In an odd text called the Anecdota (or the Secret History), a 6th-century historian named Procopius compiled a slew of nasty rumors, conspiracies, scandals, and general criticisms about Emperor Justinian (r. 527-565), Empress Theodora (d. 548), and other high officials of Constantinople from the 6th century. While much of the bizarre text is libelous and unfounded, there are enough grains of truth within the Secret History to keep it relevant. The longevity of the book is also helped by the fact that Procopius was the most prestigious historian of his time, due to his much more imperially-friendly texts, The Buildings and The Wars, which were acclaimed even within his own lifetime. Nevertheless, despite Procopius’ laudatory and prolific ability as a historian, the tales he presents in his Secret History (which was published after his death) should be treated with the proverbial grain of salt, as the tone he used in the text is one of pure biased hostility. Disclaimers aside, the odd episodes presented in the Secret History are entertaining and merit repeat, if only for the sake of storytelling. One such tale worth telling is that of Areobindus, a steward of the imperial family who reportedly went missing during a time of great whisperings and rumor.
As the story goes, Areobindus was a handsome young man in the employ of the royal family of Constantinople. In particular, he managed to become a member of Empress Theodora’s entourage, and eventually was appointed to serve as her personal steward. Details such as how long he served in that capacity or how well his administered his duties are not known, but he did well enough to earn the noticeable favor of the empress. Yet, good standing with the empress could also be a dangerous thing for Areobindus, as such favor would undoubtedly inspire jealousy and envy in the hearts of those who wanted to replace him. And if the steward did indeed gain the friendship of the empress, then Areobindus could similarly become a target of Theodora’s enemies in the rough politics of Constantinople. Unfortunately, Areobindus did become a target, but as to who attacked him and why, little is known.
Empress Theodora was a beautiful woman, with a somewhat scandalous early career as an actress. Gossips and rumor mills fantasized about what types of lascivious shows the entertainer-turned-empress put on in the years before she married Justinian. As such, Theodora was always susceptible to lusty talk behind her back, and when handsome, young Areobindus became a favored member of the empress’ entourage, his name was quickly added into the ample gossip about the royal court.
During the time that Areobindus was steward, rumors about Theodora’s private life became chaotic. Either occurring naturally, or perhaps fanned by troublemakers, Constantinople eventually became filled with salacious stories about Theodora and her favorite steward. Gossip spread like wildfire, claiming that the empress was madly in love with Areobindus, with added inference that the two were having an affair. These must have been particularly nasty and wide-spread rumors, as Empress Theodora and Emperor Justinian apparently felt the need to counteract the gossip. Theodora first tried to push Areobindus away, no longer showing him the signs of favor and friendship that had caused the gossip to arise. When the rumors persisted even after the empress had distanced herself from the steward, the imperial family decided to take more drastic measures. Ultimately, Areobindus simply vanished without a trace, never to be seen again. Procopius colorfully described the steward’s disappearance:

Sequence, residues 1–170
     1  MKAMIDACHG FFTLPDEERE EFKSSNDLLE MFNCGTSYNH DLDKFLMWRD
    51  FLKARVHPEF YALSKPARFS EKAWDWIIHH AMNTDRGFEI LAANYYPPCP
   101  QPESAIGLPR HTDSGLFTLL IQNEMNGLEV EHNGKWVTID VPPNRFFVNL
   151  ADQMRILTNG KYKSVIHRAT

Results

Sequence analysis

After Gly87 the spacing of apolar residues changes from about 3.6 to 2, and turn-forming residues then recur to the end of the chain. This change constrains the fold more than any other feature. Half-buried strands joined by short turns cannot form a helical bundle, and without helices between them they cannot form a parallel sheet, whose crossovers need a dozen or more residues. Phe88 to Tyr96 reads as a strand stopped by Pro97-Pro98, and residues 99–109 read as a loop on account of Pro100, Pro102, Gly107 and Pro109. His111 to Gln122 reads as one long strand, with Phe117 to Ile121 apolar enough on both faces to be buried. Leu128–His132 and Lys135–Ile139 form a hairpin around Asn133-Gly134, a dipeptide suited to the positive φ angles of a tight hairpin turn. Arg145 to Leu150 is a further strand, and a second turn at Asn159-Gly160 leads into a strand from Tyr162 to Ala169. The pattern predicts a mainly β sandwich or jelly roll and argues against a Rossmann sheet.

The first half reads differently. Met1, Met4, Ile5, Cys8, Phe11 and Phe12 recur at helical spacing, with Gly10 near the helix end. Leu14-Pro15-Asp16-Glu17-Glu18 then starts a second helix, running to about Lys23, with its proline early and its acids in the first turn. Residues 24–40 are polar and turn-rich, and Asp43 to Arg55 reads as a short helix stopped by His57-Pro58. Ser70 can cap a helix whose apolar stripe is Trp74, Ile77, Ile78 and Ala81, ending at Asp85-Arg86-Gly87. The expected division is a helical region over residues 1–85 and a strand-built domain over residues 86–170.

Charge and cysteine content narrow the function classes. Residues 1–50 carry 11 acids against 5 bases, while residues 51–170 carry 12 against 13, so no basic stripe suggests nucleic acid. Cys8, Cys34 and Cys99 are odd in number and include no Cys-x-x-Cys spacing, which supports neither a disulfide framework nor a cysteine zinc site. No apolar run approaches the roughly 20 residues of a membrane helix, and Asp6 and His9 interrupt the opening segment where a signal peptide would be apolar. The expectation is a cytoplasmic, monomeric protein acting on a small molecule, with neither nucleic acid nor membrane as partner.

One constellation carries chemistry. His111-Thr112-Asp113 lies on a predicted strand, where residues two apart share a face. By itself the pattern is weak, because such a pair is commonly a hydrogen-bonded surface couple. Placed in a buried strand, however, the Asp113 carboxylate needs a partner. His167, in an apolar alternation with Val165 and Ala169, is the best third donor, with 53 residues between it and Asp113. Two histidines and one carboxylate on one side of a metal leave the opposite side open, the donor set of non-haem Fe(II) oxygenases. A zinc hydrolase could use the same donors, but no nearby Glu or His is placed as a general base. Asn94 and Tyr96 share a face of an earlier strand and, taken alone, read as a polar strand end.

“Wishing to refute the charge (though, as they say, she was madly smitten with him), for the moment she made up her mind to maltreat him in the most harsh manner for no reason at all. What happened to him after we have no idea, nor has anyone seen him to this day. For if she chose to conceal anything that was going on, that thing remained unspoken and no reference was ever made to it; anyone who knew the facts was no longer allowed to report them to any of his closest friends, nor might the man who wished to learn of them ask any questions, however curious he might be” (Secret History, chapter 16).
Such was the way that Procopius described Areobindus’ disappearance from Constantinople. Of course, there are many ways that the steward’s absence can be interpreted, and—once again—nothing written by Procopius in his Secret History should be taken at face value. Perhaps, Areobindus hit the road in search of a new start, or the empress might have found the steward employment elsewhere and kept his location secret so as to keep him from being harassed. Then again, there always is the chance that Procopius is telling the truth in this particular tale.
Written by C. Keith Hansley
Picture Attribution: (Empress Theodora, painted by Jean-Joseph Benjamin-Constant (1845–1902), [Public Domain] via Creative Commons).
- The Secret History by Procopius, translated by G. A. Williamson and Peter Sarris. New York: Penguin Classics, 1966, 2007.